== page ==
Totnes: an oasis of counterculture

The Dartington effect

For several decades Totnes has been a magnet for those attracted to a bohemian or hippy lifestyle; a place where one could live cheaply and eke out a meagre existence as an artist or an alternative therapist, augmented by the sale of a few trinkets in the Friday market.

How did this come about and when did it begin?

In the 1920s Totnes was a typical rural Devon community with a thriving cattle market. Many of the residents were employed in local businesses such as the Harris Bacon factory or the Symons Cider Mills. Then in 1925 a pivotal event occurred in nearby Dartington: the wealthy utopian visionaries Dorothy and Leonard Elmhirst purchased the run down 1000 acre Dartington Hall Estate from the Champernownes, owners since the sixteenth century.

The Elmhirsts embarked on a program of rural reconstruction to revitalise the community, set up the progressive co-educational Dartington Hall School, and did much to further the promotion of arts and crafts in the area.

The world renowned Dartington Summer School of Music (later renamed the Dartington International Summer School) has been held each year since 1947, and in 1961 the Dartington College of Arts was opened.

Over time an increasing number of liberal minded folks and those of an artistic or musical bent gravitated to the area, attracted by the Dartington experiment. Many such people chose to live in Totnes, and they and their offspring contributed to the transformation of the town. This was reinforced by the College of Arts students who added brio to the hedonistic mix.

The school was to close in 1987 after a series of scandals and a decline in demand for such schools following the introduction of a more liberal ethos in state education in the 1960s.

Since 1935 the activities of the Estate have been run by the Dartington Hall Trust. In more recent times the Trust has been dominated by bean-counters who lacked the idealism of the early days, much to the chagrin of trustees associated with the past. This came to a head when Lord Young of Dartington, a trustee for 50 years and a close confidant of the Elmhirsts from when he was a pupil at the school in the 1930s, resigned from the Trust in 1991.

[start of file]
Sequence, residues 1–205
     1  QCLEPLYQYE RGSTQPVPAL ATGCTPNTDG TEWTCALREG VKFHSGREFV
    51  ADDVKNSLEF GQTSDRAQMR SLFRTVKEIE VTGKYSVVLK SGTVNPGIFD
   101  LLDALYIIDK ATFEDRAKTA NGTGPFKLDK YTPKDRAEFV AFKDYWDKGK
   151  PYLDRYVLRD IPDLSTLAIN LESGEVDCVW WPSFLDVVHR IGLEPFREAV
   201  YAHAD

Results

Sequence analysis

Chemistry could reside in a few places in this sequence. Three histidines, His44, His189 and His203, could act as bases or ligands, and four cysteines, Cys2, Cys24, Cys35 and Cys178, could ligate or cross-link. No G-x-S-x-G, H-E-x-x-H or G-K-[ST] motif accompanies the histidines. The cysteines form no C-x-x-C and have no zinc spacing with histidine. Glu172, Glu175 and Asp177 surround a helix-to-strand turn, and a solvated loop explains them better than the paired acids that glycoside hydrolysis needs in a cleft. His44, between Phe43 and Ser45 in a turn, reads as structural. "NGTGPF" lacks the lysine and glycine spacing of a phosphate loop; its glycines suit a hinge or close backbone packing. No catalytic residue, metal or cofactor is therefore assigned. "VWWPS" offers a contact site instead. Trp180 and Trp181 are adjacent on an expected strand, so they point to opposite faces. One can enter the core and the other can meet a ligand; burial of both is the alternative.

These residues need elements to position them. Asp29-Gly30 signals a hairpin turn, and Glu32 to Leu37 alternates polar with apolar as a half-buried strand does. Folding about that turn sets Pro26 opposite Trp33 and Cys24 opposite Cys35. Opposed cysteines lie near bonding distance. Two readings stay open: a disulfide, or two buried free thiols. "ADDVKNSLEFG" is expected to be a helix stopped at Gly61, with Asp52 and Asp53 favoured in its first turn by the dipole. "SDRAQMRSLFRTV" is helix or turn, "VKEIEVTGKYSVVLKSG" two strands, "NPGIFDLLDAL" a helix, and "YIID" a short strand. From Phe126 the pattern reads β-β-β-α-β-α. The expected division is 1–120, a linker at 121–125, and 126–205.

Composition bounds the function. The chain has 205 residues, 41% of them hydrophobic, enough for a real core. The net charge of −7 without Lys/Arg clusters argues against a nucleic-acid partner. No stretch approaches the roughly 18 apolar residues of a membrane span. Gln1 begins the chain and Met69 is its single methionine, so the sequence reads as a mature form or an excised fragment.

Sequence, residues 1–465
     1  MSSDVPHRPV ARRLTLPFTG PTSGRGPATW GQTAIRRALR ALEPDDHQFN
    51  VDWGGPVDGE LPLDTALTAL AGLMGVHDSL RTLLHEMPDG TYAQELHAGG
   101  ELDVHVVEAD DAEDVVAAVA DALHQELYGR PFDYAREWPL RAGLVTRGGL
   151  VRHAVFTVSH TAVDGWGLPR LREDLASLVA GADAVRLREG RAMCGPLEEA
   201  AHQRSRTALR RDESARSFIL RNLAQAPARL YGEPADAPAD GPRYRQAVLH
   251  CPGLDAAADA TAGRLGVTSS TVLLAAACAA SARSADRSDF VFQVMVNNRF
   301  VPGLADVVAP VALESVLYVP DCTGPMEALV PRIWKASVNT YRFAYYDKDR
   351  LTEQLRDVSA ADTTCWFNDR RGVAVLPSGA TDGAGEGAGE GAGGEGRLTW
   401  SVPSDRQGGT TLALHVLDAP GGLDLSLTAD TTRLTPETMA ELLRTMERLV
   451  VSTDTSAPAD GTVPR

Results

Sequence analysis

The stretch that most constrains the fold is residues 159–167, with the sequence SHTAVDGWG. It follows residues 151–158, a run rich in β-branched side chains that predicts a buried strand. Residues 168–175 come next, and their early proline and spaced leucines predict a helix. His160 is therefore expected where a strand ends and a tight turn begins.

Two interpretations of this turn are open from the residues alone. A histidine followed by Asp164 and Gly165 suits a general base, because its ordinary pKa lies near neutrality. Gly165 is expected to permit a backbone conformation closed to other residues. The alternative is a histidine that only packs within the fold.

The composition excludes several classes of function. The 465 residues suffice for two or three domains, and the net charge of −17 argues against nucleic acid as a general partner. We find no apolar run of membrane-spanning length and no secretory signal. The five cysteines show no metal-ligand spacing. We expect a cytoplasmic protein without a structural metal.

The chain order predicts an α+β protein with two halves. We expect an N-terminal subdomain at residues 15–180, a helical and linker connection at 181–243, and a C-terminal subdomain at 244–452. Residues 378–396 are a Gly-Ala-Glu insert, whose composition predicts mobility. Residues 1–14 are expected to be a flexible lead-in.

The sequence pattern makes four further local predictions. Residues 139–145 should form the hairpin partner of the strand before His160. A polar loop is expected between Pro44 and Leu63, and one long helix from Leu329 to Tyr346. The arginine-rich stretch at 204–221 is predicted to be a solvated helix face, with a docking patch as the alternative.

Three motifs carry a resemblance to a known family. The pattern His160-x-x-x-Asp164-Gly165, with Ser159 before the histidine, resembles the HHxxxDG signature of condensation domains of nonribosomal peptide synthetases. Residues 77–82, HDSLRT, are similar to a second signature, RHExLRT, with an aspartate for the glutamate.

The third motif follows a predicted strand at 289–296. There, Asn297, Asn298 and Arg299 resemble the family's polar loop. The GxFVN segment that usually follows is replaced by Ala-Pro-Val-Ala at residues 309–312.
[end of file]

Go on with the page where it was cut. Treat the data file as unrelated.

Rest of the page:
In keeping with the times, the emphasis of the Trust's activities has shifted recently towards the environment with the foundation of Schumacher College in 1991, focusing on research, reflection, and teaching on environmental and economic sustainability. This resonates with the contemporary mood music in Totnes exemplified by the fanfare surrounding the 2006 initiative to establish Transition Town Totnes, a mission to 'design a positive way down from the oil peak'.

College in limbo

Currently (2007) the Trust is embroiled in a deep crisis surrounding the proposed transfer of the College of Arts to Falmouth as part of a merger with University College Falmouth, a decision vehemently opposed by students, staff, and many Totnes residents who say it will eat the heart out of the town. Aligned against this vocal majority are the proponents of the move: the College principal Andrew Brewerton, the College governors, and the Trustees.

The move to Falmouth arose as a response to the financial implications of a perceived need to upgrade and expand student accommodation following the expected increase in student numbers. The College neither has assets nor does it own the buildings it uses. So construction of new college premises on the estate would have to be funded by the Trust which it is unable or unwilling to do, perhaps because of its own financial difficulties. Some say the Trust's real motive in wanting to see the College go is their desire to use the college facilities for lucrative elite artistic events and conferences.

There is an expectation that transfer to Falmouth will be funded by the South-West Rural Development Agency, using EU Objective One aid for Cornwall, though this may not be a done deal. As things stand in Spring 2007 the transfer proposal has been agreed by the College governors, but a final decision will not be made until the autumn.

Campaigners thwarted

The campaign to prevent the merger of the Dartington College of Arts with UC Falmouth ultimately came to naught; the College of Arts left the Dartington site, and the two institutions formally merged on April 6th 2008. In this insightful article* Sam Richards, a former College staffer and prominent member of the campaign who was fired for expressing his vehement opposition to the merger too publicly, reflects on the issues behind the campaign.

*UPDATE: naturally where Sam Richards' reflections on the failed campaign to prevent the merger were posted is long gone so I've linked to this article on the Internet Archive. (Tony Dunlop, March 2019).